Liz Garden is the principal of the Florence Roche Elementary School in Groton, MA. She has been an administrator for nine years and taught at various levels for eleven years. She blogs regularly for her staff at www.floromondaymorningmusings.blogspot.com as well as for a group she helped form, www.momsasprincipals.wordpress.com. Liz has presented about her love of reading at the MA Reading Association conference and the NAESP Conference. When she is not molding future minds as an instructional leader, she is dealing with her reading addiction, keeping Amazon in business, listening to her musician husband sing, and chasing around her toddler, Emerson! You can connect with Liz on Twitter @PrincipalGarden and on Voxer @PrincipalGarden.
Loved your post, I too would never get rid of my books. I’m not a big fan of reading on an electronic device. It doesn’t give me the same satisfaction of reading a book, on my lap with a cup of coffee.
Hubby and I have three girls, and whole our oldest kids LOVE to read, my hyper child is not a fan of books. She loves to buy them, but then will not finish them. She enjoys the graphic novels at her school and her current English Teacher has been trying to help her discover books that she can enjoy. She just does not have the patience to get involved in a book.
My oldest will devour books. She is in grade 12 and applying for Universities now. Think of a career in journalism. She writes beautifully.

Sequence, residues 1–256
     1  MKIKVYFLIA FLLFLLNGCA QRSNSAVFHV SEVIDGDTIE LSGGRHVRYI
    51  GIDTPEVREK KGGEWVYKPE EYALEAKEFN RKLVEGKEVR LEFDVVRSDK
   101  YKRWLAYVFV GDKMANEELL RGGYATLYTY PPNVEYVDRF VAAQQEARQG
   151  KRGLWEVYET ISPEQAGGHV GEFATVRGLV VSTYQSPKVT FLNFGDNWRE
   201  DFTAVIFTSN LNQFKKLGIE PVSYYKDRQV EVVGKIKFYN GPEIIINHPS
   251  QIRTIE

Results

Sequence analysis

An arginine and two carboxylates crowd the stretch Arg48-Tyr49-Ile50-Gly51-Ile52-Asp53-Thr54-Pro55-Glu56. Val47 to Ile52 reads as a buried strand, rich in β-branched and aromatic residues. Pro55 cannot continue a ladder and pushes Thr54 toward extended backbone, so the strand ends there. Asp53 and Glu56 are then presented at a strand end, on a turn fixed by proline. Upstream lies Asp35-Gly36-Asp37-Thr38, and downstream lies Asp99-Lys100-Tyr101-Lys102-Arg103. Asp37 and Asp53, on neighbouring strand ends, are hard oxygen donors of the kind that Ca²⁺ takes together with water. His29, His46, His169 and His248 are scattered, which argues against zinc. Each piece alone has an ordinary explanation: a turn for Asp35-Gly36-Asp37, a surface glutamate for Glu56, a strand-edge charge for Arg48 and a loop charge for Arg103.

Enjoying your blog!
My mother taught me to read before I attended 1st grade so I was bored to tears with Dick and Jane for a year. In second grade, Mrs. Braun sent me across the hall to borrow from another classroom library, and I have been forever grateful to her.
Yep, I used to walk across the school grounds to a 3rd grade classroom every time my kindergarten class did reading (otherwise I’d yell out the answers when our teacher asked what something said).
While I think our children have different challenges than they used to, I don’t think they’re necessarily worse. I think it’s good that some children are being treated for the anxiety they’ve always had. Breathing and meditation are great to learn. I hope you’re not encountering any of the super-conservative Christians who might think that’s “religion”.